Review by Publisher's Weekly Review
New York Times editorial board member Wegman combines in-depth historical analysis and insight into contemporary politics to present a cogent argument that the Electoral College violates America's "core democratic principles" and should be done away with. According to Wegman, the system of voting for state electors who then cast their ballots for president was established by America's founders at a time when most citizens were ill-informed about politics and traveling to voting locations was onerous--circumstances that are no longer relevant. He notes that the Constitution's framers explicitly linked the Electoral College to slavery, and examines elections in which the Electoral College and popular vote winners haven't matched, including the 1876 contest between Samuel Tilden and Rutherford B. Hayes, the 2000 race between George W. Bush and Al Gore, and President Trump's 2016 victory over Hillary Clinton. Wegman refutes several "myths" about the Electoral College's potential repeal, including that it can only be done through a constitutional amendment and that small and rural states would lose out if presidents were selected by direct vote. His extensive research and careful consideration of the issue from all angles reveal the current system's defects, though the path to reform in the face of fierce political opposition remains somewhat unclear. Nevertheless, this urgent and lucidly presented plea for change will resonate with progressives. (Mar.)
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Review by Library Journal Review
Wegman (member, New York Times editorial board) explores arguments for abolishing the Electoral College, therefore enabling the election of the U.S. president by popular vote. The author opens with the origins of the Electoral College at the 1787 Constitutional Convention, describing its shortcomings and role in subsequent contested elections as well as previous attempts to abolish it. Wegman particularly focuses on the role of slavery and voter disenfranchisement. The second half of the book focuses on the National Popular Vote Interstate Compact, in which each state's electors vote for the candidate who receives a majority of the popular vote. The exploration closes with assessments from campaign experts as to the differences in the political landscape without the Electoral College. Written primarily for advocates of Electoral College abolition, this book aims to provide readers with arguments to persuade others, and addresses common misconceptions about the Electoral College and National Popular Vote Interstate Compact in a Q&A format. VERDICT A methodical, well-reasoned compilation of arguments on a pertinent subject; recommended for readers interested in historical and contemporary U.S. politics.--Rebekah Kati, Univ. of North Carolina, Chapel Hill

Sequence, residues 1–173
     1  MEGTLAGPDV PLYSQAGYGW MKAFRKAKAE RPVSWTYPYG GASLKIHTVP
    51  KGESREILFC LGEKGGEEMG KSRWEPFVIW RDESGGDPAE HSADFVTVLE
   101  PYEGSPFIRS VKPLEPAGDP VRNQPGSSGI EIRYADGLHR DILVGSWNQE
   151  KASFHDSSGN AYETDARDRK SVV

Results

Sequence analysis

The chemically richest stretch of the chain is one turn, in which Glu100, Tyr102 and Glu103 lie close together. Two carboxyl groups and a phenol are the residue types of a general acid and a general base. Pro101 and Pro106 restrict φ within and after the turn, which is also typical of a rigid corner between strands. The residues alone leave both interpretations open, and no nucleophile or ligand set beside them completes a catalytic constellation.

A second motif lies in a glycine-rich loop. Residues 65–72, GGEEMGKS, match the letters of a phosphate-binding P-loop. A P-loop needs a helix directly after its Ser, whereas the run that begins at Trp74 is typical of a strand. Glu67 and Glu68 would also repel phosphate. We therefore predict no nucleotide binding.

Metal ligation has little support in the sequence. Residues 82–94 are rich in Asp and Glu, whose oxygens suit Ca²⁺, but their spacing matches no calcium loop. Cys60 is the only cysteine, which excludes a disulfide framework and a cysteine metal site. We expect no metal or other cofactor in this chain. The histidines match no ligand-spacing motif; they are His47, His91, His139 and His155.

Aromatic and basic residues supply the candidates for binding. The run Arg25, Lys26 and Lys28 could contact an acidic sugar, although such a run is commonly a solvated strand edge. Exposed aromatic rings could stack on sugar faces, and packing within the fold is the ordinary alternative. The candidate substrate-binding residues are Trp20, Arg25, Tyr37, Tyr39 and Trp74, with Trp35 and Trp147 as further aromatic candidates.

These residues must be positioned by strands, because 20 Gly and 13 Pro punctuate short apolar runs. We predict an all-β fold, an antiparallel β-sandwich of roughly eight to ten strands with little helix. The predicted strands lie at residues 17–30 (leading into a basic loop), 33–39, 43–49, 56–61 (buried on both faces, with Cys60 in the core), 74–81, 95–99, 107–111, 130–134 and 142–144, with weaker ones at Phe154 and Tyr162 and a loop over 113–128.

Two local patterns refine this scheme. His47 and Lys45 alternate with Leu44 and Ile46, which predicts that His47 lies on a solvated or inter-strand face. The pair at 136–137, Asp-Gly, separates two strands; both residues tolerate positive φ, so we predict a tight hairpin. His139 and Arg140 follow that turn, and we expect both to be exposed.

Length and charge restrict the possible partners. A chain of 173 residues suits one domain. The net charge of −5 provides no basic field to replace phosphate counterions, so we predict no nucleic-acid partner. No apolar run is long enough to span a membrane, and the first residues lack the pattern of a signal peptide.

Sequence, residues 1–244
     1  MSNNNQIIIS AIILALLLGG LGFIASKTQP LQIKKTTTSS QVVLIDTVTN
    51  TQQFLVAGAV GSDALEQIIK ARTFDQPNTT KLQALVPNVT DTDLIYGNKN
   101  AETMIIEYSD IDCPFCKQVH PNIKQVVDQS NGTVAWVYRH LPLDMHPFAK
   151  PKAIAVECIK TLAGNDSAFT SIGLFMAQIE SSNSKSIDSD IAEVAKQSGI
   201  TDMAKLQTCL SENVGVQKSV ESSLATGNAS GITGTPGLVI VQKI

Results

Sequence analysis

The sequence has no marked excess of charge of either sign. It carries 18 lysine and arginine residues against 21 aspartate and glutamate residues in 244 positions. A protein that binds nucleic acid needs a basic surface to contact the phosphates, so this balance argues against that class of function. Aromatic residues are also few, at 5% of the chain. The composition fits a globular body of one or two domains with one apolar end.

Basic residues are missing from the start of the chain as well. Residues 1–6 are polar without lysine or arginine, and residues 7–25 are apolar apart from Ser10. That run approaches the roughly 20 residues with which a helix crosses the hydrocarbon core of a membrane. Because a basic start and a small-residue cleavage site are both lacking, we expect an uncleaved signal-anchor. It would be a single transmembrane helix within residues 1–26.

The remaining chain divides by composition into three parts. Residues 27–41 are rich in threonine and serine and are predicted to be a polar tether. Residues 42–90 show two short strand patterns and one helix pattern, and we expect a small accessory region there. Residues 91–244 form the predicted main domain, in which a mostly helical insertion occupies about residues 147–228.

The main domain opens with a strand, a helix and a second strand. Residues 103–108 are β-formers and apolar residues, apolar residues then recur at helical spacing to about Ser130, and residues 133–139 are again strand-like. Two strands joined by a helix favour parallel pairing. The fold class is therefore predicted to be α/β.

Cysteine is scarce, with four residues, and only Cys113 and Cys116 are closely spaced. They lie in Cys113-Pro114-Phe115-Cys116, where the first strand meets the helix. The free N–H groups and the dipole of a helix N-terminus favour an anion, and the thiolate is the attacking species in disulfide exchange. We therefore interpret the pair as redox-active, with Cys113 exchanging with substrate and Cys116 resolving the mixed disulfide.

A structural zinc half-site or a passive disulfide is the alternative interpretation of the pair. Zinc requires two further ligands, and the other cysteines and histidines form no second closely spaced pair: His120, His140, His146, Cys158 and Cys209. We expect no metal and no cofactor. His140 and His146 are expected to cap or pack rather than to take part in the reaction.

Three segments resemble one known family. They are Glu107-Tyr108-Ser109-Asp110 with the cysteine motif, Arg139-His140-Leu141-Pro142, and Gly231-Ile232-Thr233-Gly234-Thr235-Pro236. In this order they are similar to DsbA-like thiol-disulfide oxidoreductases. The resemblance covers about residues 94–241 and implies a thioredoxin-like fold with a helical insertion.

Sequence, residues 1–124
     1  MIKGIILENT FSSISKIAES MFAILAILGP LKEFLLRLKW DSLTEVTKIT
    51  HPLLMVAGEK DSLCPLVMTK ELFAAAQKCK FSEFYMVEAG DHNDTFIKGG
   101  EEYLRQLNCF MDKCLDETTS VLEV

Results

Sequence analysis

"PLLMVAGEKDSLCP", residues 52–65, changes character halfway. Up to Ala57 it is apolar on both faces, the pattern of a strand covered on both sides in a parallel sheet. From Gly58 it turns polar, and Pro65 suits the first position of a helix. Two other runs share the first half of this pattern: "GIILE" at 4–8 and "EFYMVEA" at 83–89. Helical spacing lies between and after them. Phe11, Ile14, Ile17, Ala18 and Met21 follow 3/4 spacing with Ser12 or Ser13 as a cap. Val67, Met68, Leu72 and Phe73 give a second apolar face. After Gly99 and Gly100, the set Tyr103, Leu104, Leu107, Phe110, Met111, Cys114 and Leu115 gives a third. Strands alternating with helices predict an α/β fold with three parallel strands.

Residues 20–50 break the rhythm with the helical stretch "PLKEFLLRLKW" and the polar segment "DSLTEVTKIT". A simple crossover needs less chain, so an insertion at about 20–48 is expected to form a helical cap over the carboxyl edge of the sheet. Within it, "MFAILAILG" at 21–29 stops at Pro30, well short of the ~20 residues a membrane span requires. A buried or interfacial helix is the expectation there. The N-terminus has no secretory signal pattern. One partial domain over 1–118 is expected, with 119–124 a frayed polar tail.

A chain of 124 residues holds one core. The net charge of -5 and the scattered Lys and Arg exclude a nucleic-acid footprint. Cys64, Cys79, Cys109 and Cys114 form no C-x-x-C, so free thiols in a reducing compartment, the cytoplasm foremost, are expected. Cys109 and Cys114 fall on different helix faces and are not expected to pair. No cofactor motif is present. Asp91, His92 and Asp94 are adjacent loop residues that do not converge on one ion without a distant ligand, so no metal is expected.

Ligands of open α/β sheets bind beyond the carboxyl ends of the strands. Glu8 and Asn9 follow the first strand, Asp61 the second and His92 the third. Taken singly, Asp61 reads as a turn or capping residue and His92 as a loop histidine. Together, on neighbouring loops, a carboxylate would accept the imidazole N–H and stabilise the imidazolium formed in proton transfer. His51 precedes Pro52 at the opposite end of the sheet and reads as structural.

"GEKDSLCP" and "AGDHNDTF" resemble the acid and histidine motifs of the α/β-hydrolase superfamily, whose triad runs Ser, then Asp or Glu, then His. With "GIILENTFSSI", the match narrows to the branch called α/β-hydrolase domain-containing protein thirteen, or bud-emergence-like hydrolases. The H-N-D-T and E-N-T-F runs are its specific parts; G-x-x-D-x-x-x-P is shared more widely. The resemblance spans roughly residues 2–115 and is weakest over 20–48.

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Review by Kirkus Book Review
A debut author makes the case for getting rid of the Electoral College in favor of a national popular vote.After the 2016 election, in which Donald Trump lost the popular vote but won the Electoral College, there were renewed calls to examine the country's electoral system, with numerous impassioned pleas about how the EC system no longer works and that we need to institute a simple popular vote. "The Electoral College," writes Wegman, a member of the New York Times editorial board and former legal news editor at Reuters, "has almost never operated as Alexander Hamilton pictured it would." Rather, our electors have always been "obedient partisan hacks, rubber stamps for the party's candidate." As with almost anything in the U.S., if it can be made political, it will be; our voting system is no different. Beginning with a detailed history of the Electoral College, the author examines the compromises and consequences that have always been present in our voting system. Wegman truly believes that the situation can change. Myths abound about the EC, and it's well within our interestsboth Democrat and Republican aliketo transition to a popular voting system. Throughout, the author's confidence in his argument shines through. Wegman can be forgiven for his overly optimistic approach, but if there's anything to be learned from the long history of American politics, it's that nothing is predictable. While the facts and logic of his argument are mostly sound, we know that the pillars of democracy are not as stable as anyone once thought. One measure in particularthe National Popular Vote Interstate Compactis gaining traction, but as the author himself observes, it's not a binding agreement. A simple shift in demographics or political leanings could quickly throw that compact out the door.An illuminating history and analysis but it remains unlikely that Wegman's desired audience will be swayed. Copyright Kirkus Reviews, used with permission.
Copyright (c) Kirkus Reviews, used with permission.